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TRIA is a leader in orthopaedic treatment, providing comprehensive care from diagnosis, to treatment, to rehabilitation, even surgery at one convenient location in Bloomington, Minnesota.
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TRIA Orthopaedic Center Your Cycling Blog

TRIA Doctors Answer Your Cycling Questions

May 14, 2011

Knee pain is a common occurence this time of year. As the miles ramp up with the weather warming up, the tendency is to “over-do” the base mile training. Today, Dr. Anne Moore, CAQ, a sports medicine physician specializing in musculoskeletal primary care, assesses the solutions to cycling knee pain:

Knee pain which occurs with biking is often due to mechanical symptoms, involving both the bike itself and the biker. Proper bike fitting is critical in order to ensure the best alignment and limited load stress at the knee joint. Weakness through the core/pelvifemoral region can result in pain in the patellofemoral joint, tendons about the patella, or iliotibial band. While adequate training is necessary, physical therapy can be helpful to address musculoskeletal/biomechanical deficits. Although knee bracing can be helpful in the short run, physical therapy is more effective at fixing problems on a long term basis.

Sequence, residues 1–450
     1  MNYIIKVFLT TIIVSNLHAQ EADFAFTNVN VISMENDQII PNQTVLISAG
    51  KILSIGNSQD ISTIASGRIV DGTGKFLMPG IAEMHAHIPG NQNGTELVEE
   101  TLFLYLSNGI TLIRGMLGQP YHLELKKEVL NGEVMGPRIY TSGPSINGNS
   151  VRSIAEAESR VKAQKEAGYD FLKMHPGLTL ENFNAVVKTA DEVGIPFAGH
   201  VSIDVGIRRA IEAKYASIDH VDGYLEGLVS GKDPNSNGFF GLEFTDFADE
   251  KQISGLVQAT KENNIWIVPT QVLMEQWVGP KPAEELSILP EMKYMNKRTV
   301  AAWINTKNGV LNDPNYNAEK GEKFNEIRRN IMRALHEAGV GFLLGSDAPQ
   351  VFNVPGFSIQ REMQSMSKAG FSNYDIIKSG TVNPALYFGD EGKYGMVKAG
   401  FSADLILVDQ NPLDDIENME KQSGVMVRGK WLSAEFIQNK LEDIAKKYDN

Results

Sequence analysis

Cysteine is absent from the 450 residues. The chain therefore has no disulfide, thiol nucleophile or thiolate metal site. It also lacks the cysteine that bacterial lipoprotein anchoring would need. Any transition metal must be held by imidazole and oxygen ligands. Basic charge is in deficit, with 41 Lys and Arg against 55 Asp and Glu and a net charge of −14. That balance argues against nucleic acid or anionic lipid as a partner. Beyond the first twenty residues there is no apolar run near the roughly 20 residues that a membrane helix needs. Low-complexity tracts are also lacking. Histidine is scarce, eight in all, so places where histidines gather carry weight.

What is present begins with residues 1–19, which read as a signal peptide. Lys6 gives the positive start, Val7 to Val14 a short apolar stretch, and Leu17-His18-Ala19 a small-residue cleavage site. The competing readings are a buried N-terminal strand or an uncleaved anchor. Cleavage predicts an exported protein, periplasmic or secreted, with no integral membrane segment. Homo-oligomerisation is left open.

To contact TRIA sports medicine physicians, visit http://www.tria.com/Default.aspx.

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Ask the TRIA Orthopaedic Surgeon

June 11, 2010

Our latest entry deals with a common occurrence on long bike rides: pain in the upper back area. Cycling shouldn’t be a pain in the neck (or a pain in trapezius, either), so when these pains occur, it might be equipment or it might be musculoskeletal. For the answer to this question, we turned to Anne Moore, MD, CAQ, a Primary Care Sports Medicine Physician at the TRIA Orthopaedic Center:

Symptoms of neck and trap issues while biking could be related to both musculoskeletal and equipment factors. If you are riding for a prolonged period of time in a constant position, muscles can become fatigued, sore and tight – sometimes even spasm. This is simply due to inadequate motion of the myotendinous (muscle/tendon) complex. However, if your bike does not fit you correctly, this can also precipitate symptoms. Inappropriate handle bar height, distance, or tilt, as well as incorrect seat positioning, can ultimately result in upper extremity strain/pain. You may want to consider a formal bike fitting to assess for positioning errors. Changing upper body positioning and stretching while you ride will also help reduce neck and upper trap symptoms.

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